I've been experimenting with writing some young adult fiction lately, and it's gotten me thinking a lot about the differences between my (boomer) generation and the generation of teens and young adults coming up now. This group of kids seems so much older, and so much harder than we were. I've decided that's a result of the hovering kind of hyper-parenting that much of our generation has ended up doing. We've forced our kids to grow old fast in order to defeat it. The Woodstock Generation did not bring about World Peace. We tended to elect centrist to right-wing Presidents while biting our fingernails to the quick about letting our children walk to the bus stop solo, or about food additives and allergies and play dates and bicycle helmets. No wonder some of them are doing the Janis-Joplin-with-the-Southern-Comfort thing--they can't even go down to the campus pub and order a beer.

Yeah, it's fine for me to say. I didn't have kids. But I sure taught a lot of them.

Well, this certainly HAS turned into a rant. And so I think I'll propose a toast for the week:

The Twelve Mile Limit

This is another Ted Haigh resurrection, although I believe it's also in the Savoy Cocktail book. It's named for the distance out to sea a Prohibition-era cruise ship had to be before the bar could open. Make sure you use decent grenadine--not the supermarket kind. It's easy enough to grab some POM and simple-syrup-ize it by simmering it with slightly less than an equal amount of sugar stirred in for a minute or two, just until it turns clear. That works fine, and it keeps for weeks in the fridge.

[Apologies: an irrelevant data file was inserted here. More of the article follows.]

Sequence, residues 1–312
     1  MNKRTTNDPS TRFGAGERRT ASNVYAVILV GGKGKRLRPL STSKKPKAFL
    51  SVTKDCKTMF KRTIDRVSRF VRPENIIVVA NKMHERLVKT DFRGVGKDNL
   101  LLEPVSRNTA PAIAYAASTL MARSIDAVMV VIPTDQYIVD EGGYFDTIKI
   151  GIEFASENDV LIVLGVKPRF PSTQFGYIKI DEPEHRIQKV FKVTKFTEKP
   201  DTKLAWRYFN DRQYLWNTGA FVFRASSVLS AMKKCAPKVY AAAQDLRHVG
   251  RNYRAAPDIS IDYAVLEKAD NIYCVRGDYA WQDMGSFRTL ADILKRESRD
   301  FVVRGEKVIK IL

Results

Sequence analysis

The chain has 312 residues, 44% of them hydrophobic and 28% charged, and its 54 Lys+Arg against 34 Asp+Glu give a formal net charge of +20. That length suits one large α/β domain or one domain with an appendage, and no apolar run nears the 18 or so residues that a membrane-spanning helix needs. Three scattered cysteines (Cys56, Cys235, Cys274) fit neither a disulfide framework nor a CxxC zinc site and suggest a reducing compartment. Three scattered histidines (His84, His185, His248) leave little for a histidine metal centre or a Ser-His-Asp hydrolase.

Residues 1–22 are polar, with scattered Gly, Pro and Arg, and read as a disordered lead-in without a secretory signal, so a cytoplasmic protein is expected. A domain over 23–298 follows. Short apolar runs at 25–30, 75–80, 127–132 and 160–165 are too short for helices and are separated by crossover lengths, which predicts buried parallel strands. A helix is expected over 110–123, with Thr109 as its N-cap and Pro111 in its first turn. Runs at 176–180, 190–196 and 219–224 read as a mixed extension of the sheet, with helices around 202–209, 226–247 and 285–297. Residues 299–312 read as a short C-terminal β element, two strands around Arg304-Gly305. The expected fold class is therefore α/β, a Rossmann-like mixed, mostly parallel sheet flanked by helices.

1 oz white rum (or you can use silver if that's all you have)
1/2 oz each:
rye, brandy, lemon juice, and grenadine (you may not want to add the full amount of grenadine at first, depending upon how sweet what you're working with is)

Shake good and hard with plenty of ice, and serve up in a cocktail glass. Some sort of lemon-y garnish works well.

See you on the air at 4 PM at

for a sip and some musical surprises!! I promise some Fugs and Holy Modals, too, in honor of Tuli Kupferberg, for whom a benefit is being thrown in Brooklyn tonight--which I sadly cannot attend due to church mouse activities in My Other Life.

Thursday, January 14, 2010

A Stiff Upper Lip

I never thought I'd be someone who worried about being too cheerful. I've always had a bit of an Eeyore-Donkey streak in me. My husband, on the other hand, is like the sun rising on a clear morning.

"You know what I HATE about you?" I snapped at him once, in the midst of an especially intense Personal Cloud of Gloom, "You're an optimist! I hate optimists!"